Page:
With companies raising US$94.3bn in the first half of 2018, Treasury Insights revisits the treasurer’s role in an IPO.
Companies around the world raised US$94.3bn in the first half of 2018 through initial public offerings (IPOs). This is a 5% year-on-year increase and the highest proceeds for the first half of a year since H1 2015.
Notable deals thus far include the multi-billion dollar listing of Dutch payments firm Adyen and cloud-storage giant Dropbox.
These record numbers come despite a decline in the amount of overall IPO activity. Indeed, EY’s latest Global IPO trends report shows that there is a 21% decrease from H1 2017. Geopolitical uncertainty and shifting trade policies are cited as the main reasons for the slowdown.
IPO activity is expected to pick up in the second half of the year, however. EY says that this is because economic conditions continue to be encouraging, equity valuations are high in many parts of the world and interest rates remain low.
Looking at the role of treasury
An IPO is one of the most complex and multi-faceted events in the history of a company. For the treasurer, there is a great deal to do in aiding the CFO and other financial planners in going through the steps of an IPO. Particularly as the treasurer has become so much more of a partner in strategic decision-making with the CFO, the role of the treasurer in the IPO has grown.
The listing of a company on an exchange can provide innumerable benefits, including providing access to financing for strategic acquisitions or business expansion. It is a major turning point in the life of a corporation and can act as a catalyst for further business transformation.
An IPO naturally requires a great deal of planning and preparation in order to ensure not only that all steps are given the proper consideration and care, but also to manage the timing of the IPO to ensure that the offer price is consistent with the expectations of both the company itself and potential investors.
The pricing process is one of the most important steps on the long road to an IPO. If managed incorrectly, companies can see share prices drop off extensively after launch. Last year, for example, Snapchat owner, Snap Inc. issued a much-hyped IPO. Since then its stock has been downgraded with Morgan Stanley – the IPO’s lead underwriter – slashing the target price from US$28 to US$16 five months after listing.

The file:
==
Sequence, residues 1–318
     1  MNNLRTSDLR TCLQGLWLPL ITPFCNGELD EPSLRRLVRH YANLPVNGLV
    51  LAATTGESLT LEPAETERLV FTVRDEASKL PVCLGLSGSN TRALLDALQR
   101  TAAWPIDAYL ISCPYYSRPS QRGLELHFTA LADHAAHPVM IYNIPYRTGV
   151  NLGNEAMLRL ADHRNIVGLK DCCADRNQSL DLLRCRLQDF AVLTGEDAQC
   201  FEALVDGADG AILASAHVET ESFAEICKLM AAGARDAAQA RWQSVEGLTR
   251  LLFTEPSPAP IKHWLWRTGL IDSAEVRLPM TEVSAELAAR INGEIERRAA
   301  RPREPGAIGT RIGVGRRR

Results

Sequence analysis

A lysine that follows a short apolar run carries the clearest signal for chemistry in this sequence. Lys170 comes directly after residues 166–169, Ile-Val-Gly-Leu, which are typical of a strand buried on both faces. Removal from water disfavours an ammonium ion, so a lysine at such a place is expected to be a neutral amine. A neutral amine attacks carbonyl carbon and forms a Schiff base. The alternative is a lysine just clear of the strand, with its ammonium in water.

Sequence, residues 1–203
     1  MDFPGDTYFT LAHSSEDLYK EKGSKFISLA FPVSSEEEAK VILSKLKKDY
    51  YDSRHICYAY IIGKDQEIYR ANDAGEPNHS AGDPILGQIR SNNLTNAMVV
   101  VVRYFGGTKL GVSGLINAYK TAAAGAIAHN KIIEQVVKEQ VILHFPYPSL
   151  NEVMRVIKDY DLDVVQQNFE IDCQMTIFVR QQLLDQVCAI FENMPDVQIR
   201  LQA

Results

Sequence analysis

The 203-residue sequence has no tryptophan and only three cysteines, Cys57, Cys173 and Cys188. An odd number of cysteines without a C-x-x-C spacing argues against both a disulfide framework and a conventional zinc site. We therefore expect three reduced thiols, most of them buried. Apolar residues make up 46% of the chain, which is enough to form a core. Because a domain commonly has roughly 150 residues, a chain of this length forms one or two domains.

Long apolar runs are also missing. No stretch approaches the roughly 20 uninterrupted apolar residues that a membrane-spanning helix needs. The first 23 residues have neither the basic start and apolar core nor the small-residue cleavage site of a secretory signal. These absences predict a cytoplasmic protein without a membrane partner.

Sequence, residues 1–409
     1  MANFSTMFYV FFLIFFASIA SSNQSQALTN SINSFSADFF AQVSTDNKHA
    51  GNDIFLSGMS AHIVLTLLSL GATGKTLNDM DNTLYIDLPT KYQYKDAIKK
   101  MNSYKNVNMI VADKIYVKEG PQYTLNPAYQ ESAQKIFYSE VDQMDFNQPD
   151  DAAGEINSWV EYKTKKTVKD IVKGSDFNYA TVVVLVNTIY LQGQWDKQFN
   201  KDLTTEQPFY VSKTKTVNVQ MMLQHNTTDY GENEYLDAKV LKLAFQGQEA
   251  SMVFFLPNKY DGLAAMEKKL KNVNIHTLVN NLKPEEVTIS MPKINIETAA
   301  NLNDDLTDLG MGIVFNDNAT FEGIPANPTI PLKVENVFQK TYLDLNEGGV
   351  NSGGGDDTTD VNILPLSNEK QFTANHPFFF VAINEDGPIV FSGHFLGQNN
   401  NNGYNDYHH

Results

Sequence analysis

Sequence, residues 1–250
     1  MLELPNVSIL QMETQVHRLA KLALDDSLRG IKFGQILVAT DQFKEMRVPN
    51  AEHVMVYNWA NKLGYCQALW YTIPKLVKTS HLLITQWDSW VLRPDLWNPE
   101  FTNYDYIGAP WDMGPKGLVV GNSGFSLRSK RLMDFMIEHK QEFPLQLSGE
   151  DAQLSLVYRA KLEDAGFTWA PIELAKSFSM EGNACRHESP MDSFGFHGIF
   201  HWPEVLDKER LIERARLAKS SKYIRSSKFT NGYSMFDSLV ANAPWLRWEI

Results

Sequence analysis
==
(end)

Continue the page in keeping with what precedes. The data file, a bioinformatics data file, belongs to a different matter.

Aside from timing, there are the intricate accounting rules and reporting requirements, the impact in terms of time and resources that must be dedicated to the IPO process, and the need to manage incoming stakeholders – including shareholders, and the board.
Another critical piece of the IPO puzzle is the roadshow. While the treasurer may or may not be a key player in the actual roadshows, they will likely be involved in preparing financials and other data and information that will be used by the CEO and CFO in the roadshows.
In addition, the treasurer may be expected to ensure smooth operational flow in the finance function, with the CFO and CEO potentially gone for as much as three weeks. It is essential for the company to put on a good show for potential investors and ensure that it communicates its vision for the future well.
Want to learn more?
Read this article for a deeper look at the role of the treasurer in an IPO and hear some first-hand insights from treasurers that have gone through the process.